Sunday, October 21, 2012

200 Pounds Beauty (live action movie), via Crunchyroll

200 Pounds Beauty (or 200 Pound Beauty, how it's written on Crunchyroll) is a Korean movie that's a little hard for me to classify. I suppose comedy, or maybe even romantic comedy, would be appropriate. The problem with "romantic comedy," though, is that it sets up viewers to expect something they're not going to get, namely an ending in which Hanna ends up with someone. This is a spoiler, but an important one, so I'm going to say this right now: no, Hanna does not end up with Sang-jun, nor anyone else. That's not necessarily a bad thing, and the ending was still a happy one, with the potential for a romance HEA (Happily Ever After) on the horizon. Still, this movie may disappoint those looking for a traditional romance movie ending.

Synopsis:

Hanna is an overweight young lady with a sweet voice and two jobs. One job involves providing phone sex to various clients. The other job, which Hanna sees as her primary job, involves providing Ammy, a famous pop star, with her voice. Ammy dances on stage and mouths the words, while Hanna sings in the back. Every one of Ammy's albums is actually sung by Hanna.

Hanna doesn't mind doing this, is even happy doing this, because it allows her to sing and because she has a huge crush on Sang-jun (Ammy's manager? producer? I'm not sure, but he seems to handle more of the business and talent-finding side of things). Sang-jun is so kind and supportive that Hanna can't help but think maybe he actually likes her back...until she overhears Sang-jun tell Ammy that they're only using her for her voice and must be kind to her so she doesn't leave.

A distraught Hanna first tries to kill herself and then heads off to one of her phone sex clients, a plastic surgeon, and demands that he perform full-body plastic surgery on her in order to make her beautiful. The doctor reluctantly agrees and, one year later, a much thinner Hanna heads out into the world. With the help of her friend, Jung-min, she gets her old job back by pretending to be a Korean American named Jenny. Sang-jun pretty much abandons Ammy in favor of Jenny, promoting her as an all-natural, fresh-faced beauty. Jenny becomes a huge star, but the lies she has to tell and the people in her life she feels she has to reject in order to achieve that fame all weigh heavily on her. With a jealous Ammy in the sidelines, doing her best to collect evidence than Jenny is really Hanna, and Sang-jun slowly connecting the dots, will Hanna's glamorous new life unravel?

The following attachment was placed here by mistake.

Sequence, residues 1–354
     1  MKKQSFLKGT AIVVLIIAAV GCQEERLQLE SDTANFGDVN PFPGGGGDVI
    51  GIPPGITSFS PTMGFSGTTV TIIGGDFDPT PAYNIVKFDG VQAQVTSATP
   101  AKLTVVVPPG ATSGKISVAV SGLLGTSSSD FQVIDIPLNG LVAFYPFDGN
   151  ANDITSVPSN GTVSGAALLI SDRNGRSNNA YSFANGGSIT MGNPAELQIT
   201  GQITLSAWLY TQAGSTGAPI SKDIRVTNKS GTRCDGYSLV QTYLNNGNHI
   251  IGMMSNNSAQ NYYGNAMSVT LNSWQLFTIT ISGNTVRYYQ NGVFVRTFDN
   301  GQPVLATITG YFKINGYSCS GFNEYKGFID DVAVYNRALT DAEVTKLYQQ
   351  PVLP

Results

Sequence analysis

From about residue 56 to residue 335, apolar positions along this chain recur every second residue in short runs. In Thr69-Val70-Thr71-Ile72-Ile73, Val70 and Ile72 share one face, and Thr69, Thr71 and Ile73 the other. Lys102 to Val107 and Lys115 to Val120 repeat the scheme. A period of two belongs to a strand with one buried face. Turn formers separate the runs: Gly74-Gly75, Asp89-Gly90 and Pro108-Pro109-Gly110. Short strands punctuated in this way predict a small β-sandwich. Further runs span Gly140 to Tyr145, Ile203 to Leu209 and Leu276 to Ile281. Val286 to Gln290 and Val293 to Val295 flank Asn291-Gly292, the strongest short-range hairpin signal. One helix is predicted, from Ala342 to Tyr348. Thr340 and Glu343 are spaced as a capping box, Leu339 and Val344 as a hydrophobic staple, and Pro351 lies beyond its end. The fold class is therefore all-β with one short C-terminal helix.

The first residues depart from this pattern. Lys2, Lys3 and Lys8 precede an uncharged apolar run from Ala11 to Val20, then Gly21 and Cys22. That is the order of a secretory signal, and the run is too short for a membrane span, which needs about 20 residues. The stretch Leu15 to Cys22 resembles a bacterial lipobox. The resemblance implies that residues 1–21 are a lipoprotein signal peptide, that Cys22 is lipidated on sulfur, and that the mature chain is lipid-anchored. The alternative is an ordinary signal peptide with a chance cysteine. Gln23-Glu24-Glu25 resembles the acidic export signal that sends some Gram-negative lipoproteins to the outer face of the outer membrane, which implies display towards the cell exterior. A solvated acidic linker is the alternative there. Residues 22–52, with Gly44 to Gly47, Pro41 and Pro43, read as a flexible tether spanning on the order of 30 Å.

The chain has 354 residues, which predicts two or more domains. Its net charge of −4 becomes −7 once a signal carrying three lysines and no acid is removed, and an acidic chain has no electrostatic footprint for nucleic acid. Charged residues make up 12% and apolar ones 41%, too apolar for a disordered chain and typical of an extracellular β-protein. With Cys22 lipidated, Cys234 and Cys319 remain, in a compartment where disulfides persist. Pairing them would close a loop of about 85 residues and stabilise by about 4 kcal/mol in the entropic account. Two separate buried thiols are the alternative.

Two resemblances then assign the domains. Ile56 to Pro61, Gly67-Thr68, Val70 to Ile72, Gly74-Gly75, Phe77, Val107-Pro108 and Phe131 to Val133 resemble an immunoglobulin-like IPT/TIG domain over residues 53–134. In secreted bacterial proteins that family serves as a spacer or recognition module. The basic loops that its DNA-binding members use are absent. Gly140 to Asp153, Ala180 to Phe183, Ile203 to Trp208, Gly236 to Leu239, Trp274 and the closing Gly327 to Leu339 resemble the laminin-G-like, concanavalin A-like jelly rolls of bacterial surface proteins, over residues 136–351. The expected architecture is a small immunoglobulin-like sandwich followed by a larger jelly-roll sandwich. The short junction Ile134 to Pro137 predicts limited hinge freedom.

Review:

I knew watching this would probably make me angry, but I added it to my queue anyway. Most of the movie did make me grind my teeth, although I have to admit that there were parts near the end that actually made me cry. I'm not sure, though, whether those parts near the end were worth the time it took to watch the whole movie.

The beginning was almost painful to watch. Hanna was incredibly awkward, and I hated seeing other characters laugh at her. Her life was just sad. Her jobs were designed so that, for the most part, few people had to see her. Hanna's previous “boyfriend” was a diet pill salesman who used her affection for him to convince her to buy pills until he finally abandoned her. After he left, she tried to kill herself. And, I'm sorry, but Hanna was not fat enough for several of the fat jokes the movie used. The EMTs should have been able to move her without too much fuss, and the stage Hanna danced on would have had to have been rotted or super cheap for her to have broken through it.

Just like Hanna wasn't fat enough for those jokes to be believable, she wasn't beautiful enough for some of the jokes after her plastic surgery. The car accident scene was just odd. It was like post-surgery Hanna had some kind of force-field of protection that made all men in her vicinity treat her better, despite the accident having been her fault, and despite the other guy's steadily bleeding head wound. If the movie hadn't already lost me by that point, I might have found that scene to be funnier than I did.

Sang-jun seemed nice enough, at first, but, since I was expecting the upcoming scene with Ammy, I was suspicious of him from the moment he appeared. It's possible that some of his words to Ammy were lies meant to convince Ammy to continue with the charade, but some of his hurtful words were definitely true. Had he recognized post-surgery Hanna right away, based on her voice, and then done some groveling, Sang-jun maybe could have redeemed himself in my eyes. As it was, his nickname in my notes was “Jerkface,” and, despite his handsomeness, I spent a good chunk of the movie hoping some other guy would magically appear, cause Hanna to come to her senses, and steal her away from Sang-jun.